- I heard a light sigh and then my heart stood still, stopped dead short by an exulting and terrible cry, by the cry of inconceivable triumph and of unspeakable pain. ‘I knew it—I was sure!’ . . . She knew. She was sure. I heard her weeping; she had hidden her face in her hands. It seemed to me that the house would collapse before I could escape, that the heavens would fall upon my head. But nothing happened. The heavens do not fall for such a trifle. Would they have fallen, I wonder, if I had rendered Kurtz that justice which was his due? Hadn’t he said he wanted only justice? But I couldn’t. I could not tell her. It would have been too dark—too dark altogether…. Part 3, Marlow telling intended the false last words of Kurtz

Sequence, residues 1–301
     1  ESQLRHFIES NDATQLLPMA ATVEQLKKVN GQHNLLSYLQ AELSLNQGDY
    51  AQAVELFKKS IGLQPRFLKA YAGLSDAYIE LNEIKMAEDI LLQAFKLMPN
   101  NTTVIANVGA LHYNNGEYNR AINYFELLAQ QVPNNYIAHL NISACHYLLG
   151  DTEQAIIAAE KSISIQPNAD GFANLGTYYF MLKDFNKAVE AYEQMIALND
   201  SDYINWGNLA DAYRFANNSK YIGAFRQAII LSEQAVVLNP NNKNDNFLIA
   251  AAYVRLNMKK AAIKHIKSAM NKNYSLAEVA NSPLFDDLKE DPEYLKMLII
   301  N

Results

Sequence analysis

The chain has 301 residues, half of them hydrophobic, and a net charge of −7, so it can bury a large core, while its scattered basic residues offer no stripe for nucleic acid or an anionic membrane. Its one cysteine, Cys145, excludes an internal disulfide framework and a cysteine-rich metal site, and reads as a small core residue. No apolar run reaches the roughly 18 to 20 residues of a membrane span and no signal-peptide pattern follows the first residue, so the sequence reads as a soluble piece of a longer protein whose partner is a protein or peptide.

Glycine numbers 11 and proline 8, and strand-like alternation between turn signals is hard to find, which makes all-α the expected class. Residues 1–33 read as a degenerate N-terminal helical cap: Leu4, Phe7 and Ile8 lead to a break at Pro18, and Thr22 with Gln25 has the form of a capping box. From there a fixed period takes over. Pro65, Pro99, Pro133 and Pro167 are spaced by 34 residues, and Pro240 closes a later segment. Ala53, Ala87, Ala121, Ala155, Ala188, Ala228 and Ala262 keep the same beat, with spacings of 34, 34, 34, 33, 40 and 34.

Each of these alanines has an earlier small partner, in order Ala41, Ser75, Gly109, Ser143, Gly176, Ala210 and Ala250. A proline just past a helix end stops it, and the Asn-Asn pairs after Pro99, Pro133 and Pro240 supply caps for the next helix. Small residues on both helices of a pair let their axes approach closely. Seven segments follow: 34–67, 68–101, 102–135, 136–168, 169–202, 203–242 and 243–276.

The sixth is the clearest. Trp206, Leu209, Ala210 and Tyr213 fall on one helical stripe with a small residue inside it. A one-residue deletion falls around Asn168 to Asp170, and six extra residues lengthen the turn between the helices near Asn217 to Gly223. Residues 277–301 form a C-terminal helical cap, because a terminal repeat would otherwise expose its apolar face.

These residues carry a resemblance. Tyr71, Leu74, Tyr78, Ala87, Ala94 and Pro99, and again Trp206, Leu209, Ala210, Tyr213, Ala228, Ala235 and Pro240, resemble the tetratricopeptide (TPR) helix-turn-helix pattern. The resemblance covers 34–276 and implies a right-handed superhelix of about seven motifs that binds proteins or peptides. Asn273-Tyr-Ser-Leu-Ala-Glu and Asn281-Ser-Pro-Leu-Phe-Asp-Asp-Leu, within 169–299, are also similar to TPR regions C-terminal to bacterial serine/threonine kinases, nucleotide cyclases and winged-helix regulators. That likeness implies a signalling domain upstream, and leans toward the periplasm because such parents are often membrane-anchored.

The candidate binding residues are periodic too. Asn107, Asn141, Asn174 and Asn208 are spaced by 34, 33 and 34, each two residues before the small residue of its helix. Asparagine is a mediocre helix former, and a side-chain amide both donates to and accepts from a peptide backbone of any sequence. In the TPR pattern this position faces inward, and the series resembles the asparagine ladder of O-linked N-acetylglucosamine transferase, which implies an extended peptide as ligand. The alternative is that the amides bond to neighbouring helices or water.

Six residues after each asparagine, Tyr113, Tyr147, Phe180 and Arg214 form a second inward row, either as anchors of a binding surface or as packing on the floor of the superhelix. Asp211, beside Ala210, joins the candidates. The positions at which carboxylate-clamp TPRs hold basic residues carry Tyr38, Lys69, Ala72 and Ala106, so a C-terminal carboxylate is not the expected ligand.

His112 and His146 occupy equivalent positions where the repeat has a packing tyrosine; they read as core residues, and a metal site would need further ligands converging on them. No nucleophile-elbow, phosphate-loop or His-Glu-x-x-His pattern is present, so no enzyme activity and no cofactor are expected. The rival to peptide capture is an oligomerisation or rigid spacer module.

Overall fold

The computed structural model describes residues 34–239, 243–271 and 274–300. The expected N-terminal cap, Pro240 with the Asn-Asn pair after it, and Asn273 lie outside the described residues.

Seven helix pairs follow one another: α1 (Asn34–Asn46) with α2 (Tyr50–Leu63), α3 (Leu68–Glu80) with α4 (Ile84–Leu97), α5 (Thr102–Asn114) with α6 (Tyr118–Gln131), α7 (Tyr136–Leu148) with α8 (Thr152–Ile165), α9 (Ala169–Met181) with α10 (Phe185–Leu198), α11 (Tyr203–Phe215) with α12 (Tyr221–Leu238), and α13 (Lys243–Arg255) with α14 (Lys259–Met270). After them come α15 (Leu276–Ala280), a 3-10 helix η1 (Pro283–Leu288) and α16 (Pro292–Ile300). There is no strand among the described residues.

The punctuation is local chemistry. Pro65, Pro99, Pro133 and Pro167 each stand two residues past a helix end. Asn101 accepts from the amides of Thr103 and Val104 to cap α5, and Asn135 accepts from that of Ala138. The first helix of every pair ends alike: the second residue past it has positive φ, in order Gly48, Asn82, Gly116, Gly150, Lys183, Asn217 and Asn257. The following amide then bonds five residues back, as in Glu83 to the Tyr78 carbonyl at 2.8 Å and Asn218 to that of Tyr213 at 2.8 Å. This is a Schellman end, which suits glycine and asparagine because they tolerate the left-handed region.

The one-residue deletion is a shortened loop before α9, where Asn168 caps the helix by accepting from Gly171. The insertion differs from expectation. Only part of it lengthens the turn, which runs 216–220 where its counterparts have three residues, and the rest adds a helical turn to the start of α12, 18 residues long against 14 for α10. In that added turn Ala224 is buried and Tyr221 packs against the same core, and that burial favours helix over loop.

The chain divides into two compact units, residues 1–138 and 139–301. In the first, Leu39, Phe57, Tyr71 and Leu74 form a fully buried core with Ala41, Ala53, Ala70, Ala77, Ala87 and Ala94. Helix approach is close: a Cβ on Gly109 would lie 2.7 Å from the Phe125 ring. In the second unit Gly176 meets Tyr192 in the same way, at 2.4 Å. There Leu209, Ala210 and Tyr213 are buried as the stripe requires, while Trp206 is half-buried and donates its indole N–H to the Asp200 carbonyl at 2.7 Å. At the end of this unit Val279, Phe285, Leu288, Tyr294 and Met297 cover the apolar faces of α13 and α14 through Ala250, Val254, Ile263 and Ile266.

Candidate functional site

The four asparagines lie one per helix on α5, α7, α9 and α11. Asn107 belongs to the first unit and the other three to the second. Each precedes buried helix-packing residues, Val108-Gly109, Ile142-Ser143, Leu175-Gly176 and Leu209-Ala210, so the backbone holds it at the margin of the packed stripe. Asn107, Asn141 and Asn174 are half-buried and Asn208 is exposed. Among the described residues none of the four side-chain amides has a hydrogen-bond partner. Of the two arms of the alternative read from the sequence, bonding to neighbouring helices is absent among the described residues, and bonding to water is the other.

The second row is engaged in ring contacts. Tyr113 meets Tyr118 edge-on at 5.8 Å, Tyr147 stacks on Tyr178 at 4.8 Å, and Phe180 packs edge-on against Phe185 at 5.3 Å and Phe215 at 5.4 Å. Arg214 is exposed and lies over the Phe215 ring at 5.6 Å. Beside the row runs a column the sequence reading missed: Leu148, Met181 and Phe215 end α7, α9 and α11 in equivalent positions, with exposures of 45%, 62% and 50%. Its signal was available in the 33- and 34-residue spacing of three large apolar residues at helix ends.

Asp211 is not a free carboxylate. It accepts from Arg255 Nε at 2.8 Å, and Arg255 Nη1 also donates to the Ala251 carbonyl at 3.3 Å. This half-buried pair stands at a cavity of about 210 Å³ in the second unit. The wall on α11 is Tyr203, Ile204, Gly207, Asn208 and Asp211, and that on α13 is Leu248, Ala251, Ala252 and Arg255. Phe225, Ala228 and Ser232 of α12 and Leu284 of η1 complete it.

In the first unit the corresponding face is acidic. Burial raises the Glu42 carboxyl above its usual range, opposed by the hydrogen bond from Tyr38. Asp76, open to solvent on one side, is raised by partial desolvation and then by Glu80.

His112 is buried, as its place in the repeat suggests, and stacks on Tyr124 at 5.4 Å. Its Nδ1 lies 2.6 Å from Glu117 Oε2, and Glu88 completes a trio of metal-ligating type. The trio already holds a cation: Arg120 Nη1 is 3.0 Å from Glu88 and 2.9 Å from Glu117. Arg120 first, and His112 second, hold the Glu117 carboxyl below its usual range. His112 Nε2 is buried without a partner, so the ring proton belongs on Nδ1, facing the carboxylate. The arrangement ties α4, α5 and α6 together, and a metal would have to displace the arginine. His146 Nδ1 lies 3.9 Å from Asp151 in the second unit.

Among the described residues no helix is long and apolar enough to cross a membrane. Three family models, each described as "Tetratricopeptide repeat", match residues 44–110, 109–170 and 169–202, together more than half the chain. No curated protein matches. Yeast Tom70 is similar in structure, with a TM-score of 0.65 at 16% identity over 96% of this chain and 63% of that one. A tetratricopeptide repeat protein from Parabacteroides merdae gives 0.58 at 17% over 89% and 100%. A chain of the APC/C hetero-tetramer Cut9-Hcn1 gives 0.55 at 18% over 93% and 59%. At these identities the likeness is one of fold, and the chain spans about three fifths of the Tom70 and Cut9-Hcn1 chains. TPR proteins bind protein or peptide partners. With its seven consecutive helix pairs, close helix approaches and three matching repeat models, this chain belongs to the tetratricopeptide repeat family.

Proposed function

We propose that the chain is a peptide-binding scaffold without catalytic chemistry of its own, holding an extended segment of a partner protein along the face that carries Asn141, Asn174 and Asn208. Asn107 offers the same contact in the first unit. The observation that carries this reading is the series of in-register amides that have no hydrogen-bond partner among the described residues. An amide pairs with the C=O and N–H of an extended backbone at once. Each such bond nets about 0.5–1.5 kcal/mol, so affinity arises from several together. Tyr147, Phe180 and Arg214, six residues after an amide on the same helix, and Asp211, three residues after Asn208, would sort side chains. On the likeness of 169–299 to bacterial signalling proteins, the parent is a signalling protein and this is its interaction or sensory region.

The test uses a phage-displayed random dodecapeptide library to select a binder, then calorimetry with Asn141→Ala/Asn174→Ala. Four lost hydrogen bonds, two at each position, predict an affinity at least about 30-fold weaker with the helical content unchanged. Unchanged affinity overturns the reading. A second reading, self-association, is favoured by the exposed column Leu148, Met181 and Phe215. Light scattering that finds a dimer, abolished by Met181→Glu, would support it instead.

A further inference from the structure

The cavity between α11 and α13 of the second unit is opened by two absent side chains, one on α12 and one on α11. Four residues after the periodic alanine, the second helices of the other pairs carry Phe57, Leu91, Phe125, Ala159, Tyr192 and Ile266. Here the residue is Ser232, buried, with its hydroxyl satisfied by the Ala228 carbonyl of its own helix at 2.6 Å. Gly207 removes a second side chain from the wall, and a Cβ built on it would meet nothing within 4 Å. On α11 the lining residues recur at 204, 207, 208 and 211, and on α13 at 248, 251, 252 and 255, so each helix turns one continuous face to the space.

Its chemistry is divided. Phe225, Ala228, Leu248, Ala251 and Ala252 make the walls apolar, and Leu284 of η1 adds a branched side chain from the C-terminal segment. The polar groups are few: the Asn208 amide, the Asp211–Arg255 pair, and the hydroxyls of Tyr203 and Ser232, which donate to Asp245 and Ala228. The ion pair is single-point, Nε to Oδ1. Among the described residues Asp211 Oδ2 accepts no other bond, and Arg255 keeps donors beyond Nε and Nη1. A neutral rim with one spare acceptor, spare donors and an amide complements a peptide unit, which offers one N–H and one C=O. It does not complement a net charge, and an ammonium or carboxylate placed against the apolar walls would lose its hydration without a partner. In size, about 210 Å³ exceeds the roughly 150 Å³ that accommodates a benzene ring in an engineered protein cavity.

Marlow, who has seen some of the worst horrors of the Congo, lies to Kurtz’s fiancé by telling her that his last words were not “The horror!” but rather crying her name. This is because Marlow does not want to carry the darkness of the real world into this woman’s idealistic world. Conrad uses Marlow’s aunt at the beginning of the novella to establish woman in Heart of Darkness as symbols of society’s blindness to its own hollowness. Kurtz’s Intended further supports this symbolism since she is completely clueless about Kurtz’s true nature. Though Marlow knows Kurtz’s triumphs lay in his understanding of men’s delusions about themselves, he can’t bring himself to make Kurtz’s Intended see the “dark” reality. Marlow knows that if even he, who does see civilization’s futility, can’t bring himself to reveal the darkness then civilization will remain blind to its faults.